In October 2013 Disney, following the acquisition of Marvel Entertainment, notified the NY Times that the group would not be renewing any of its licensing deals with Amaya or Playtech for Marvel’s hugely successful superhero content. Licensing of any brand in real-money gaming is a tough because of the industry. Licensing of brands that typically have exposure to children is even tougher. This was a big deal at the time for both companies, although less so for Cyptologic whose Marvel branded video slots are pretty dire really, apart from maybe ‘The Amazing Spiderman’ which is certainly not amazing but okay…-ish… point being, it’s the best of a bad bunch.To labour the point I’ve included a screenshot of their Captain America slot which looks like something my 2 year old son created with crayons.
If you look at some of the best performing slots on Playtech’s casino there are a few that pop up regardless of the country or market you’re focusing on: Iron Man 2, The Incredible Hulk, and the Fantastic 4, along with the secondary 50 Line variants. For me these aren’t exceptional games but they do have very strong brand power, and the production value is high. Which I think is a self fulfilling prophecy, the same way that Kim Kardashian’s iOS game seems unstoppable at the top of the Appstore charts, if you capitalise on a very quick growth (due to the power of the brand), then it’ll automatically stay there ‘front and centre’ for all new players dropping into the casino page. Personally I think that Playtech’s Spiderman is actually a good game and makes very good use of the IP, but then i’m just one person. Anyway, I digress, point I’m making is that the Marvel licence is an extremely valuable asset in Playtech’s portfolio and you can’t argue that a lot of players respond very well to these branded games, yet now the clock is ticking on the expiry of that asset. So what does Playtech et al, and all those millions of slot players look at next?
Branded content is an interesting area, because of course it’s all subjective. What works for one might not work another. The great thing about movie and pop culture is that typically it has a wide reach, not necessarily to those who like the brand, but it’s instantly recognisable to most of your prospective customer base, which is most of the battle when launching a new IP. When looking at comic book or super hero brands, Marvel isn’t the only player in town but it is probably the studio whose IP is most widely recognised from a very strong two decades of movie production and retail merchandising strategy. The other key studio being DC Comics (DC standing for ‘Detective Comics’) who were a bit slow to move on a similar strategy in the past 20 years, and have a smaller array of known brands (ED – characters) but still present a decent opportunity especially as their movie strategy is now catching up to Marvel’s in terms of movie cross-over and TV production. So naturally when the number 1 portfolio is removed from your reach what do you do? Well if you’re Playtech of course you just obtain the rights to the number 2 portfolio.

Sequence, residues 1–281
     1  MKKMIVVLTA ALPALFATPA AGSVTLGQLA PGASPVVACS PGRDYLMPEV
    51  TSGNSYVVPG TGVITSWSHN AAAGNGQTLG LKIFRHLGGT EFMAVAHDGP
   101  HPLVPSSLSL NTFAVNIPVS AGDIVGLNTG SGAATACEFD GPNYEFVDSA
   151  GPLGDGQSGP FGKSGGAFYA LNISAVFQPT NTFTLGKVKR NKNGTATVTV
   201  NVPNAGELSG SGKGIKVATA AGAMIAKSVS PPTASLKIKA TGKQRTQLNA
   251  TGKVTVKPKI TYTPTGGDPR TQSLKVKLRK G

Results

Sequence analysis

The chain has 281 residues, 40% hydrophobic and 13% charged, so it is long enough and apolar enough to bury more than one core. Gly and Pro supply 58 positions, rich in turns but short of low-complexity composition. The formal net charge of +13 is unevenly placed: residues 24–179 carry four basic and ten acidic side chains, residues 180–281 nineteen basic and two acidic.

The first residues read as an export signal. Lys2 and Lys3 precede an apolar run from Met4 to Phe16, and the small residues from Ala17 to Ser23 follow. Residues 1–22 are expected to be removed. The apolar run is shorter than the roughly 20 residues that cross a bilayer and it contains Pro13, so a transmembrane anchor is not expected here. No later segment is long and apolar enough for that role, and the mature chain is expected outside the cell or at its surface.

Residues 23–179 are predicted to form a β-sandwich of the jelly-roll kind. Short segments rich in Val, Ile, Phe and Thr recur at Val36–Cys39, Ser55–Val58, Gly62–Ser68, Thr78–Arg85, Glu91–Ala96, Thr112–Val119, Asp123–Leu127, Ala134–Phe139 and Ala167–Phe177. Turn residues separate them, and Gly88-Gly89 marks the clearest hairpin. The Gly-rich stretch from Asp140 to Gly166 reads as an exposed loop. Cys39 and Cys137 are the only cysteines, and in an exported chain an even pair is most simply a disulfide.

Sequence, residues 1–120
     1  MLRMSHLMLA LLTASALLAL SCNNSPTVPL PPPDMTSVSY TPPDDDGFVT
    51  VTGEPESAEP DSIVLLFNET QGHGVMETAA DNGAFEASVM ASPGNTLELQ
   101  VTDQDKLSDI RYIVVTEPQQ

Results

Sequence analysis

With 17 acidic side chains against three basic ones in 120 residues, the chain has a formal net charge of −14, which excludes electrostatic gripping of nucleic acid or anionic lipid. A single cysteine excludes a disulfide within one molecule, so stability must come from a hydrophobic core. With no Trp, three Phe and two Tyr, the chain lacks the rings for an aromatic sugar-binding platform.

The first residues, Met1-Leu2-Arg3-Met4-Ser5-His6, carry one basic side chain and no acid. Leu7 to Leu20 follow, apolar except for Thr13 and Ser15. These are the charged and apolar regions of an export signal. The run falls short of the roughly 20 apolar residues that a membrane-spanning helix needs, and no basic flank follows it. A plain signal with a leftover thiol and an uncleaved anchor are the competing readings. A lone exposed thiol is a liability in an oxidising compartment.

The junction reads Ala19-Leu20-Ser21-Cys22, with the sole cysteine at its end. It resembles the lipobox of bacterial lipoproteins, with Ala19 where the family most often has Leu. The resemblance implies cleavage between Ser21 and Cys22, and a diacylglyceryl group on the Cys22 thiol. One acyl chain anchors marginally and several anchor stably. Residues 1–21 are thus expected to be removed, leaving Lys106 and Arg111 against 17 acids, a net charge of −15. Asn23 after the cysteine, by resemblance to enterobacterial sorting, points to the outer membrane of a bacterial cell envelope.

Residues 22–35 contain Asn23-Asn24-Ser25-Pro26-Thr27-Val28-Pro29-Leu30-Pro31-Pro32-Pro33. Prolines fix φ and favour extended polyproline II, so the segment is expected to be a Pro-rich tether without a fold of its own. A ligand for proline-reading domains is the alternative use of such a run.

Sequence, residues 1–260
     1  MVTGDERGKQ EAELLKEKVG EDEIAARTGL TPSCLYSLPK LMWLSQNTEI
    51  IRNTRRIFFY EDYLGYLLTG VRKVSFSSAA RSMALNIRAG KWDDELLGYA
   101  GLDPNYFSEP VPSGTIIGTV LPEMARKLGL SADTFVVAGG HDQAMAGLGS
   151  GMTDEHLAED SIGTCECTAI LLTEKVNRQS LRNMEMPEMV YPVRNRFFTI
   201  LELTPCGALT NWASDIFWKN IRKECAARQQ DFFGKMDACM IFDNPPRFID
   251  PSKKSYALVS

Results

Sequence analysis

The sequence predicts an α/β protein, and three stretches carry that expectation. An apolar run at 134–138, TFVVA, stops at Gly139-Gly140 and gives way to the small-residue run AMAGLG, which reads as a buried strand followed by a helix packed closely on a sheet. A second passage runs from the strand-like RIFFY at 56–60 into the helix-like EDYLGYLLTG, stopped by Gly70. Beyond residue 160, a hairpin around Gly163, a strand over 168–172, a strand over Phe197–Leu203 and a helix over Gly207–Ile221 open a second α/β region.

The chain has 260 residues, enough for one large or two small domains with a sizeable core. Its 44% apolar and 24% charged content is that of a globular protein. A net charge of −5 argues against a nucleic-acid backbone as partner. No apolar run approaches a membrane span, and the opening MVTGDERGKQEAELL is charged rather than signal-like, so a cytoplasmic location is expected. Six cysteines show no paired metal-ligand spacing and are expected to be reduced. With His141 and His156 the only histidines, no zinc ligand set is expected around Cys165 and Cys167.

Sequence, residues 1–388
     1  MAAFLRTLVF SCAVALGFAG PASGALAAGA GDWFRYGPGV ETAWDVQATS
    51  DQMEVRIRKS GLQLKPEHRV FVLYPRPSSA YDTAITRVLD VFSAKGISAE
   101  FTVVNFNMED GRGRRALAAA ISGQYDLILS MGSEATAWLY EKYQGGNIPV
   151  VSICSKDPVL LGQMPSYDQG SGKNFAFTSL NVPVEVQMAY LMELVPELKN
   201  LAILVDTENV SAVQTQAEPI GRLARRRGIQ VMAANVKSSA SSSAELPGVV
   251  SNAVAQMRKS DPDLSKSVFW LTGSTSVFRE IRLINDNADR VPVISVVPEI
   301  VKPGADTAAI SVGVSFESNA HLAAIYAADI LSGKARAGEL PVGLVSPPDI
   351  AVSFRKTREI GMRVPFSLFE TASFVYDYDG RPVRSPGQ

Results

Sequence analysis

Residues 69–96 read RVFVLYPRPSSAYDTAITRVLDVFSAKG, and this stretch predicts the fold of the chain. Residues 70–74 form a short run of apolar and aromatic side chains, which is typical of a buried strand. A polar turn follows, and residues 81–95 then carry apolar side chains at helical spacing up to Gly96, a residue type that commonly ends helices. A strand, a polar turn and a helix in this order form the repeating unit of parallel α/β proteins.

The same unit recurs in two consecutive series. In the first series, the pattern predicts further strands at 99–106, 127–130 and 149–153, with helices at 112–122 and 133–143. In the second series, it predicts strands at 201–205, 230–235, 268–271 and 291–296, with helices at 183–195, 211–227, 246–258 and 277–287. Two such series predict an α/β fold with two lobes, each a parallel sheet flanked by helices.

As expected on 1 February, right before the ICE conference, Playtech announces a deal with Warner Bros/DC Entertainment to licence some of DC’s main movie based brands for casino content. This includes: Batman classic TV series (meh), Man of Steel (meh), the Green Lantern (very meh) and Superman 1 and 2 (mmm’kay). Let’s be honest, that this will not fill the hole that will be left when the Marvel games leave the Playtech Casino, but it’ll certainly help and if Playtech put some decent development budget into them, they can still be a decent player acquisition instrument.
Reading this you may think that they are missing some very key movie brands notably: The Dark Knight Trilogy, the Justice League, V for Vendetta, or the Watchmen. If you take the movies out of it, you also have the wider Batman and Superman canon to draw some amazing content from (mainly the former), alongside the Green Arrow, the Flash, Wonder Woman and Aqua Man. Looking at more obscure IP though, DC also have a number of other high brands perhaps less obvious to Joe Public (see the list below), however if you’re a comic book nut like me, will know that these are very valuable brands in the right hands, especially the Preacher with the new TV series on the way. So why didn’t Playtech get these as well? Possibly because:
- Microgaming already have an ongoing licence agreement for the Batman movies which is exclusive;
- They possibly didn’t appreciate the value of the rest of the portfolio;
- Warner were asking too much; or
- They simply weren’t available for real-money gaming licensing or there are other agreements with rights of first refusal elsewhere.